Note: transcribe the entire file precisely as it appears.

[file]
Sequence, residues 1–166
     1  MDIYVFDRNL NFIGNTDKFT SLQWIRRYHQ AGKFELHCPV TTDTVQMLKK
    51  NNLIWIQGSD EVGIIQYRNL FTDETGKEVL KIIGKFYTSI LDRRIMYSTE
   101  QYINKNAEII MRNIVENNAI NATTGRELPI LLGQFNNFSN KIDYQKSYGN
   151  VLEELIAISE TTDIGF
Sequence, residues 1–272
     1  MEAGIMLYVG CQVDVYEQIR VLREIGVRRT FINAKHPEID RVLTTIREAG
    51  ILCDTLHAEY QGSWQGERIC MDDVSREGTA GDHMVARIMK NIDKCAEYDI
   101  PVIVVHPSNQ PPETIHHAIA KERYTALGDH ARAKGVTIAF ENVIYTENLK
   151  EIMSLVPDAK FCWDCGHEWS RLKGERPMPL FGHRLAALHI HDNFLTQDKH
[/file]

Sequence, residues 1–166
     1  MDIYVFDRNL NFIGNTDKFT SLQWIRRYHQ AGKFELHCPV TTDTVQMLKK
    51  NNLIWIQGSD EVGIIQYRNL FTDETGKEVL KIIGKFYTSI LDRRIMYSTE
   101  QYINKNAEII MRNIVENNAI NATTGRELPI LLGQFNNFSN KIDYQKSYGN
   151  VLEELIAISE TTDIGF
Sequence, residues 1–272
     1  MEAGIMLYVG CQVDVYEQIR VLREIGVRRT FINAKHPEID RVLTTIREAG
    51  ILCDTLHAEY QGSWQGERIC MDDVSREGTA GDHMVARIMK NIDKCAEYDI
   101  PVIVVHPSNQ PPETIHHAIA KERYTALGDH ARAKGVTIAF ENVIYTENLK
   151  EIMSLVPDAK FCWDCGHEWS RLKGERPMPL FGHRLAALHI HDNFLTQDKH